It is raining. Takahashi walks through the neon and the darkness into a sushi restaurant and sits at the bar. The place is busy, but its mirrors, lacquer and shoji screens give it an air of both spaciousness and intimacy. Takahashi gets a glass of water and orders salmon sashimi, unagi and soba noodles. As he eats, he catches sight of himself in one of the mirrors, and sees what he knows everyone else must see when they look at him: long dark raincoat, shaved head, glasses.
And then, for the first time that he remembers, he wonders why he is wearing the glasses. He does not need them to see. He takes them off, looks around, and he sees as well without them as with them. He checks, and they are not fakes—the lenses are prescription, but when he puts them back on his vision has not changed. He realises he cannot remember ever not having worn that pair of glasses.
He cannot understand this, and it troubles him, but he lets the trouble pass and returns to the present moment. Such confusions come to him from time to time, but, like everything else, they are illusions.
He finishes eating, pays the bill, and leaves. He walks in the rain, knowing he has work to do. He gets on a subway train that takes him to the part of the city where he has to work tonight. Back at street level, he finds it is still raining. He walks two blocks until he sees the bar where he is to meet Kitakata. He hopes the rain will stop by the time he and Kitakata leave the bar. He likes busy streets.
The bar is large, but seems small because it is crowded. Takahashi has no trouble recognising Kitakata, even though he has only seen a picture of him. Kitakata is sitting at a table, talking with two other men. Takahashi does not approach them. He stands at the bar and waits to be served. It takes a while, but he gets a beer. He does not look for somewhere to sit, but goes and stands near the door. He sips the beer and waits.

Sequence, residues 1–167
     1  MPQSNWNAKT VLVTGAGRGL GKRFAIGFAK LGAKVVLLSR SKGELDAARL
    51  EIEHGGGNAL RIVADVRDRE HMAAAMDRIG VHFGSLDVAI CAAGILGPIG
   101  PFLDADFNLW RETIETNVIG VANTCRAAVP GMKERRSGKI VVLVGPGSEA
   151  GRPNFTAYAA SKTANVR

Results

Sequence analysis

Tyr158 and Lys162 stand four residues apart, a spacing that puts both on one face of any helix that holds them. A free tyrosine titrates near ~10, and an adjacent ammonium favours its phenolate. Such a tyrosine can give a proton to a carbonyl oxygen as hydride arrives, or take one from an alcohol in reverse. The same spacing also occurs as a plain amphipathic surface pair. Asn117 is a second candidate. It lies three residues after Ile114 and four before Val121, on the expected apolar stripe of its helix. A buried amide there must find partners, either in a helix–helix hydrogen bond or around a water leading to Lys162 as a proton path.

When Kitakata and his friends ask the server for their bill, Takahashi finishes his beer and goes outside.
Kitakata and the other men are glad it is no longer raining. They say their goodbyes and go their separate ways.
Kitakata is small and rotund, and he walks slowly. Takahashi falls into step behind him, walking briskly, hands in the pockets of his coat. For a few seconds, he walks abreast of Kitakata, and then overtakes him. When he is six feet in front of Kitakata, he turns 180 degrees without breaking stride. Stepping backwards as Kitakata comes forwards, he takes his hands from his pockets. The hands are covered by latex gloves, and one of the hands holds a knife. Kitakata has no time to consider what is happening, to start to feel afraid, before Takahashi has stepped forward to meet him, driving the knife hard into the centre of Kitakata's throat.
When he feels the knife has gone in as far as it can go, Takahashi lets go of the hilt, and, as Kitakata falls, he walks away. He does not run. Other people on the street scream or shout. Some look at Kitakata as he lies on the wet pavement, trying to make noises his throat will not allow. Some look at Takahashi as he walks away from his work. He pulls off one of the gloves while looking at a man who is staring at him. He pulls off the other glove while looking at a man who is trying not to stare, who is cowering away. He puts the gloves in the pocket of his coat and keeps walking. There is no blood on him; he simply delivered the knife and moved on before the blood could reach him. He does not care about the witnesses; he likes to do his work in the midst of crowds. It is easier to escape, and the witnesses' accounts of what happened and what the killer looked like will always differ, so the more people the cops and media talk to, the less clear they will be about the details.
It begins to rain again. Takahashi goes back to the subway station and takes a train to the part of town where he lives.
His studio flat has a futon, a chair, a table with a vase of flowers, a laptop computer, a zafu and zabuton, some weapons and some clothes. Takahashi takes off his coat and shoes, then sits at the table, turns on the computer, logs onto the Internet and sends an email to his employer announcing that Kitakata-san has, unfortunately, passed away.
He sits on his zafu in full lotus position. He does not move for a half-hour, after which he stands up, stretches, and goes to bed.